The Art of Fermentation: An In-Depth Exploration of Essential Concepts and Processes from Around the World
by Sandor Ellix Katz
This is way, way more than a book of recipe. Katz delves all the way back into prehistory to explain the science and history of fermented foods. He guides the reader through the basic equipment needed, the methods that can be used, and works to demystify the process behind the recipes in a way that's accessible and comprehensible. This comprehensive guide is a must for anyone interested in pickles, ciders, or kimchi. I'm itching to try the Ginger Beer recipe.
Fifty Shades of Chicken
by F.L. Fowler
You will never look at chicken the same way again. This hilarious parody of 50 Shades of Grey will have you alternately cracking up and blushing. But the best part is that it comes with 50 honest-to-goodness recipes for the popular poultry. Recipe titles include: Extra-Virgin Breasts, Learning to Truss You, and Chicken with a Lardon. You can also follow the Twitter feed @50shadeschicken
The Science of Good Cooking
by The Editors of America's Test Kitchen & Guy Crosby, Ph.D
America's Test Kitchen has spent years creating perfect, fool-proof recipes for everything from Chocolate Chip Cookies to Roast Chicken. Their secret? Bringing science into the kitchen. While readers of their cookbooks have frequently benefitted from the motto, "We make the mistakes so you don't have to," they can now learn the science behind the recipes. This book has a few recipes, but more interesting are the 50 food experiments that demonstrate why the recipes work.
Gran Cocina Latina: The Food of Latin America
by Maricel E. Presilla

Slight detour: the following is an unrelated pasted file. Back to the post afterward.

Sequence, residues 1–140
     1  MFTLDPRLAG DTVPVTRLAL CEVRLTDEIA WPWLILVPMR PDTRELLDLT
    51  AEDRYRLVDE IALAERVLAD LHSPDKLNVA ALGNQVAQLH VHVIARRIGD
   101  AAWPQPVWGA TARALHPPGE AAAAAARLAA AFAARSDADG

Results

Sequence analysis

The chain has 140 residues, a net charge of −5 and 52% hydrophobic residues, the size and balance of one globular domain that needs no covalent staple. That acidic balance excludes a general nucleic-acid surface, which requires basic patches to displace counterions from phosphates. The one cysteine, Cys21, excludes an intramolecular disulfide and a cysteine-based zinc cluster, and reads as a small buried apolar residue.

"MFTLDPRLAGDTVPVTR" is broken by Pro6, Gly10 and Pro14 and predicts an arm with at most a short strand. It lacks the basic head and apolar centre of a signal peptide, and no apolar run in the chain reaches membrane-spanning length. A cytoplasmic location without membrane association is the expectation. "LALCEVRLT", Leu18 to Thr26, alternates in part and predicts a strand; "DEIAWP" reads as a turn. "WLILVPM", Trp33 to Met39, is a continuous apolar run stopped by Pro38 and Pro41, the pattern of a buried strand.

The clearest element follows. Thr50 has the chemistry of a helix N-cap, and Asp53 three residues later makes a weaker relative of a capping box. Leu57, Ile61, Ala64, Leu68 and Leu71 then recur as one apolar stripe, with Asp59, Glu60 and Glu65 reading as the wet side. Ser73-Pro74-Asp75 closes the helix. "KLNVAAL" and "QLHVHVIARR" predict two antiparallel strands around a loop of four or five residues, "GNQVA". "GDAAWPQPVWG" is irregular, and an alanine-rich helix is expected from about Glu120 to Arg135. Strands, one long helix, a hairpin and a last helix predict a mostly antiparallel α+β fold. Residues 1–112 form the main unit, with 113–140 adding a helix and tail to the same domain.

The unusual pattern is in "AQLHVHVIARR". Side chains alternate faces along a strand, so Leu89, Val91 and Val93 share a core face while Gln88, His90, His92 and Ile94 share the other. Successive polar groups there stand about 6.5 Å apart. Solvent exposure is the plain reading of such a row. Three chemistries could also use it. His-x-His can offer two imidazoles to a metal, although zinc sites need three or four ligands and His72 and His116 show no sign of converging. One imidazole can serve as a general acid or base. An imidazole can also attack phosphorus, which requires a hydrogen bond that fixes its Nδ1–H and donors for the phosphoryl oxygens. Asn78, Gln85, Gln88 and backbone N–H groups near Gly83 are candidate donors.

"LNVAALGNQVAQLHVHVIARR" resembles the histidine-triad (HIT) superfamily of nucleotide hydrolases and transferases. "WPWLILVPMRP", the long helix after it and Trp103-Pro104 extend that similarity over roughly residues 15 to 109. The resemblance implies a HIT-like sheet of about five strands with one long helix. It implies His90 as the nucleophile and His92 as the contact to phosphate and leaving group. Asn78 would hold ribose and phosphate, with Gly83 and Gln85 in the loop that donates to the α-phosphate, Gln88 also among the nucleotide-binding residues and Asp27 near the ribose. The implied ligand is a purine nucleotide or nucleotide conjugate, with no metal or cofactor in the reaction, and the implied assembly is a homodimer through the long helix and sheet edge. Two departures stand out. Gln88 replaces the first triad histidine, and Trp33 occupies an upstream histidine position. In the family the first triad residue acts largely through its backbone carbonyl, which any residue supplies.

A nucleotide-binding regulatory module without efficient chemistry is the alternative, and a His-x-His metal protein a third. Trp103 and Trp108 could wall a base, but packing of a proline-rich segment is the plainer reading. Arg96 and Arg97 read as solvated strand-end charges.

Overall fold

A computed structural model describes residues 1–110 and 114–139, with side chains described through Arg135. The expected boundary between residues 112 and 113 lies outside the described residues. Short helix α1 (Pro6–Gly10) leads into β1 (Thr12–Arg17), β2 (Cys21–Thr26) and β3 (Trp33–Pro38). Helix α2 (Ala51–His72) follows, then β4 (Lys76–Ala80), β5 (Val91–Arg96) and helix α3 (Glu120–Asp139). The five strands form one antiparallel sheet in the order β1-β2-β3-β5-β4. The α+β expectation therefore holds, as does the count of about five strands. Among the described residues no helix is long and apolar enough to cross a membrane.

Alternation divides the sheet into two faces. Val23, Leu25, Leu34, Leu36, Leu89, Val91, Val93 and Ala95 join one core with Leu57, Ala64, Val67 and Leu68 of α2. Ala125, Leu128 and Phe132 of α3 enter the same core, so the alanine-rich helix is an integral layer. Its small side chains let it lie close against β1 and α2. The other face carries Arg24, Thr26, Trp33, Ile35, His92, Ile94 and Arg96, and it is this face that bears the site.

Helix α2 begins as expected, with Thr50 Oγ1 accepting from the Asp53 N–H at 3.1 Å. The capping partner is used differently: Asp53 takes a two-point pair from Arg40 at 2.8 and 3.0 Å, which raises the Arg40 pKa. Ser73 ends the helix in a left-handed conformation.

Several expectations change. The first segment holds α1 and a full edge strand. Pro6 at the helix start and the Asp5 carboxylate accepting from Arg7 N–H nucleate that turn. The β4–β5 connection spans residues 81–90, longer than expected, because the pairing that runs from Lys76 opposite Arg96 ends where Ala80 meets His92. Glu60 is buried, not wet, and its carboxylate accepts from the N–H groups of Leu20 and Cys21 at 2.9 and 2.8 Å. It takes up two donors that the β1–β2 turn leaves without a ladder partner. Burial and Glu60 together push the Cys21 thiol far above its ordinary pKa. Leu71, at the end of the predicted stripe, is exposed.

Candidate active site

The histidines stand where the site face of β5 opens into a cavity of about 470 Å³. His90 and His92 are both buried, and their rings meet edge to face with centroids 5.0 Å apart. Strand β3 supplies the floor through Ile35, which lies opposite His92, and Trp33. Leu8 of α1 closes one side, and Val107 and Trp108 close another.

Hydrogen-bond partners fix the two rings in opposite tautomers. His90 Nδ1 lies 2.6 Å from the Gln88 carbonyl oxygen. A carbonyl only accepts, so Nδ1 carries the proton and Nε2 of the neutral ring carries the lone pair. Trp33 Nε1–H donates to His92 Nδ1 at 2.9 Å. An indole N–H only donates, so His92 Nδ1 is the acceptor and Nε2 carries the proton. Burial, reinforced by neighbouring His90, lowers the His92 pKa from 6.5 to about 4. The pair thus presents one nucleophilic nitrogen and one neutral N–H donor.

Culinary historian and restaurateur Presilla has collected over 500 recipes from Mexico to the Caribbean to Argentina in this compendium of Latin cooking. Gorgeous food photography brings the dishes to life while equipment notes, serving suggestions, and detailed instructions bring the dishes into your kitchen. Great for both adventurous cooks and travel buffs. Don't miss the Ceviche recipe.
by Michael Natkin
Another blog-inspired cookbook full of original recipes and enough food porn to make a carnivore go vegetarian for the day. Unlike many vegetarian cookbooks, hearty main dishes are a priority with global options such as Sicilian Spaghetti with Pan-Roasted Cauliflower to Sichuan Dry-Fried Green Beans with Tofu. I also love the extensive notes on tools and ingredients that help each dish to be a success before you ever start cooking.
Mastering the Art of Southern Cooking
by Nathalie Dupree
As a person who was raised on Mastering the Art of French Cooking and who then moved to North Carolina for eight years, this book was irresistible. This tome (it has over 750 recipes) is likely to become the definitive text on Southern cooking. Like Julia Child, Dupree has an endearing way of editorializing her recipes with gems like, "Bacon makes everything taste better," and "Hot bread is the hallmark of Southern meals." Don't miss the Bubble Butter Bean Soup.